Cheryl Bazzoui

“Shame, Shame, I Know Your Name” is the second thriller in the Marina Konyeshna series by Heather Harlen. Human trafficking remains the driving force behind the plot in this book as well. Its fast-paced dialogue and action kept me turning the pages. Marina’s irrepressible personality makes her a highly likable protagonist. Her fresh inner dialogue, utilizing her innate wit and intelligence, provides readers with suspense, danger and drama in Moscow’s soup kitchens to its night clubs.

BookMark: "Mom, Mania, and Me" By Diane Dweller

Jul 13, 2017

Diane Dweller’s “Mom, Mania, and Me: Surviving and Changing a Volatile Relationship” is a powerful memoir. Most of us realize life is hard for those who suffer with mental illness. This is a much needed book to help us understand the effects mental illness has on families. The author illustrates the devastating effect of her mother’s bipolar episodes on her family.  Dweller’s first person account is written like a fast paced novel, starting with the riveting prologue. She shows us how she becomes the scapegoat for her mother’s many frustrations.

“Time to Heal” is the latest in a time travel series of historical novels for middle schoolers. The author, Todd McClimans, is also an elementary school principal in York, Pennsylvania. In this third book of his American Epochs series, Kristi travels back through time to the battle fields and make-shift hospitals of the Civil War to find her friend Ty.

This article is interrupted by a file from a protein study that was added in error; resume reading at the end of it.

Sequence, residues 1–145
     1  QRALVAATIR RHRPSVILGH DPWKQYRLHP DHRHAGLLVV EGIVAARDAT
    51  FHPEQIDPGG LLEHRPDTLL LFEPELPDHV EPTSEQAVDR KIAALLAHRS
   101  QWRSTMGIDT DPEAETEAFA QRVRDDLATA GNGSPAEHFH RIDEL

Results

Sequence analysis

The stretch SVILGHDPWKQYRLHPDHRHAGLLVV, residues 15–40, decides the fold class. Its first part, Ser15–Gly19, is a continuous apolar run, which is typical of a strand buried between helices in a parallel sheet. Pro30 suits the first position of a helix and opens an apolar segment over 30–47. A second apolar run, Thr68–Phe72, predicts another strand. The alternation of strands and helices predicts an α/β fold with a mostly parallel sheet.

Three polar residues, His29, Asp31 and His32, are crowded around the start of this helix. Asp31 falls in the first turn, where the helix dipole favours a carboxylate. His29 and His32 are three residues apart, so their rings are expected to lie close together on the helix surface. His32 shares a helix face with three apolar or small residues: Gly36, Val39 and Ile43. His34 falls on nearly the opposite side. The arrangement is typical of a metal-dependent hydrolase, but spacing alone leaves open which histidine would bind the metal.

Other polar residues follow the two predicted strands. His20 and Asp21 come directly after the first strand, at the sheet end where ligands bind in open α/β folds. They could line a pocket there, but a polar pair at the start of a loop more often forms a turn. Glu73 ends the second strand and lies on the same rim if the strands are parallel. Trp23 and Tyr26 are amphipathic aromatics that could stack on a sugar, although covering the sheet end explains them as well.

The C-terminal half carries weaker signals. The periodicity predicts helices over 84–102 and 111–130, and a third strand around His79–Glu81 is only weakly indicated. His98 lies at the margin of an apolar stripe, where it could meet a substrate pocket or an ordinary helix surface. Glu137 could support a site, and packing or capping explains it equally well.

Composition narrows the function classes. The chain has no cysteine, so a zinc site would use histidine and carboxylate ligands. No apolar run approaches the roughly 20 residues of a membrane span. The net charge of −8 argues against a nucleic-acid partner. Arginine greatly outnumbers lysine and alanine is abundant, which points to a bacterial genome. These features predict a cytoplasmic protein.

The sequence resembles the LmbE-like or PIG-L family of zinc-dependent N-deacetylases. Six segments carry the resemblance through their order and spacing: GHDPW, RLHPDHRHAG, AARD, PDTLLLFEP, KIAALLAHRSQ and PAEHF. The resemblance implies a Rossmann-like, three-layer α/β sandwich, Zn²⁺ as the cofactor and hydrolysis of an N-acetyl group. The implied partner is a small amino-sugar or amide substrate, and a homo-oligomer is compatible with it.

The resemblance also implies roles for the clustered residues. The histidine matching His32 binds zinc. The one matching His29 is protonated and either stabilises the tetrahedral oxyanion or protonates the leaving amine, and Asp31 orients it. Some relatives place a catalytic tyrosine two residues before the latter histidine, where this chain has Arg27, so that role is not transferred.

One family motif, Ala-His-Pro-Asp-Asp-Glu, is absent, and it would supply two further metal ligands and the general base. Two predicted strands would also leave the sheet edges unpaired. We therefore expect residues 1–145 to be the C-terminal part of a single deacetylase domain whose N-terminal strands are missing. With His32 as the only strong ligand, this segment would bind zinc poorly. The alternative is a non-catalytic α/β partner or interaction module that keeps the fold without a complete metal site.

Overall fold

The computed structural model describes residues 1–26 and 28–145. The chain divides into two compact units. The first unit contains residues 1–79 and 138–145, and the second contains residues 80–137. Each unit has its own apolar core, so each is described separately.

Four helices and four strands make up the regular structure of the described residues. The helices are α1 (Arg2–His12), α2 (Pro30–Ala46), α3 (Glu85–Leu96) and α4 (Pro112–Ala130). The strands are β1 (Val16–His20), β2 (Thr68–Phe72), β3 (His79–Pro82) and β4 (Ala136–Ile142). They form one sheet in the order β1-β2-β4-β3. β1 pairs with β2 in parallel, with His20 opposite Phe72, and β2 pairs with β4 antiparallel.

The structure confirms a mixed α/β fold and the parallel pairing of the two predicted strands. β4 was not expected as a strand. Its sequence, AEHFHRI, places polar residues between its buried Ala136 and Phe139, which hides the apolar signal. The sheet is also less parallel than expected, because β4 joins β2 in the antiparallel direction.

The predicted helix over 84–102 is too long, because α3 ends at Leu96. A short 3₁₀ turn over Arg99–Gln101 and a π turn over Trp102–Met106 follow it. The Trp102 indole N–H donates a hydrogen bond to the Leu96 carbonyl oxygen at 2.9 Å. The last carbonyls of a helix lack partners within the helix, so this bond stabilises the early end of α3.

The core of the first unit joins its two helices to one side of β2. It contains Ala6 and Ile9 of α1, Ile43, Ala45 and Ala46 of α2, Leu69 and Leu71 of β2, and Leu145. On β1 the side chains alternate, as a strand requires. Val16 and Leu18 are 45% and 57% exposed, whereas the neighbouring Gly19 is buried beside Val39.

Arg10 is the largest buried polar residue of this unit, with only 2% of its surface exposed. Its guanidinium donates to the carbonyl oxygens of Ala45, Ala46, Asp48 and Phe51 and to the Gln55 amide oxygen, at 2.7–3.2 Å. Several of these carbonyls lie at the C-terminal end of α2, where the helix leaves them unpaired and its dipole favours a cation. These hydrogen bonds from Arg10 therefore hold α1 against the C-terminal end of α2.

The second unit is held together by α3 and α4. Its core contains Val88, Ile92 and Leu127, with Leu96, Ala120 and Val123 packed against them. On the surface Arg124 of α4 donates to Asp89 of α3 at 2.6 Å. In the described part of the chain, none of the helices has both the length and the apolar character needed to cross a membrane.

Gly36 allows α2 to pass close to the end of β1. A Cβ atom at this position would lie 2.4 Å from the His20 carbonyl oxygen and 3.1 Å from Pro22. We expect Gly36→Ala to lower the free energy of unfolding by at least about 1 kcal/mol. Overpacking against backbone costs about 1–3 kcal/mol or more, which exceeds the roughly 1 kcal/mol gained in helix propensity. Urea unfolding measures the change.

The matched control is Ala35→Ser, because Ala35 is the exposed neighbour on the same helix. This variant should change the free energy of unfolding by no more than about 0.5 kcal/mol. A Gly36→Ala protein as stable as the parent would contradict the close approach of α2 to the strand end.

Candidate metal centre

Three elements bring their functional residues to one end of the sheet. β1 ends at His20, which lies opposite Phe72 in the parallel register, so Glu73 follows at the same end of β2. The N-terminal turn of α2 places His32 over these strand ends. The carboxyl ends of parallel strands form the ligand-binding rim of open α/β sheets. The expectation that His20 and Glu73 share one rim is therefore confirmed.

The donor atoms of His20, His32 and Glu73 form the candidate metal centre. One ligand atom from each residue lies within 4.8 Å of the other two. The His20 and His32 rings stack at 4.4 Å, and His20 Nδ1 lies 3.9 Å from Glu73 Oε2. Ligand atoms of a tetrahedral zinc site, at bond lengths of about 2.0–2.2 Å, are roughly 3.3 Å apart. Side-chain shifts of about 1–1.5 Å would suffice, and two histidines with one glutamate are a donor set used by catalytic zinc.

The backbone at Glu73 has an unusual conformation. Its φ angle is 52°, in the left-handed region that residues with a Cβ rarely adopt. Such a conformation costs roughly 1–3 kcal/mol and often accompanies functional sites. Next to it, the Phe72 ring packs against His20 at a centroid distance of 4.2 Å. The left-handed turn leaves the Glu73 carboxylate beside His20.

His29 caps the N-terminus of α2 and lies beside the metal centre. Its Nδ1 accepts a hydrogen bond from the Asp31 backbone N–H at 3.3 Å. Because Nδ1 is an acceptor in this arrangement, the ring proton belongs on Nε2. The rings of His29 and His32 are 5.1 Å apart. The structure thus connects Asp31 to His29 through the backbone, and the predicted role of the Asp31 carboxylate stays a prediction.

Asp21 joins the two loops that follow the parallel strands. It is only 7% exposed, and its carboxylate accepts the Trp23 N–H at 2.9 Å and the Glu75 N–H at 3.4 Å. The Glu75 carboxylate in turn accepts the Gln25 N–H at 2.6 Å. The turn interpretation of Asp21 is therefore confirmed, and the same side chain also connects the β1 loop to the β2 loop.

In her debut novel, “To the Stars Through Difficulties,” Romalyn Tilghman weaves parallel stories into a suspenseful novel. The historical part delves into the building of the Carnegie Libraries in Kansas. The fund-raising efforts of the Kansas frontier women are well-researched and poignant. The present day part of the novel follows the struggles of three women from totally different socioeconomic and geographic backgrounds. Fate seems to bring Traci from New York City, Angelina from Philadelphia, and Gayle from nearby Prairie Hill - together in New Hope, Kansas.

BookMark: "Hope You Guess My Name" By Heather Harlen

Oct 20, 2016

Heather Harlen’s debut novel, Hope You Guess My Name, is a thriller that will make readers wonder what’s behind the veneers of their own communities. Marina Konyeshna, the book’s main character, is threatened after she discovers a human trafficking ring in her hometown in Eastern Pennsylvania.

BookMark: "Tipping Point" By David Poyer

Aug 25, 2016

Tipping Point is a page turner. It is the fifteenth novel in David Poyer’s acclaimed series of naval adventures featuring Captain Dan Lenson. But don’t worry if you don’t know anything about the modern Navy or haven’t read any of the first fourteen novels. This was my first of Lenson’s books, but I found it easy to follow the story. Tipping Point gives me renewed respect for our military personnel. The risks they take daily would be unnerving to most civilians.

BookMark: "All Waiting Is Long" By Barbara J. Taylor

Jun 30, 2016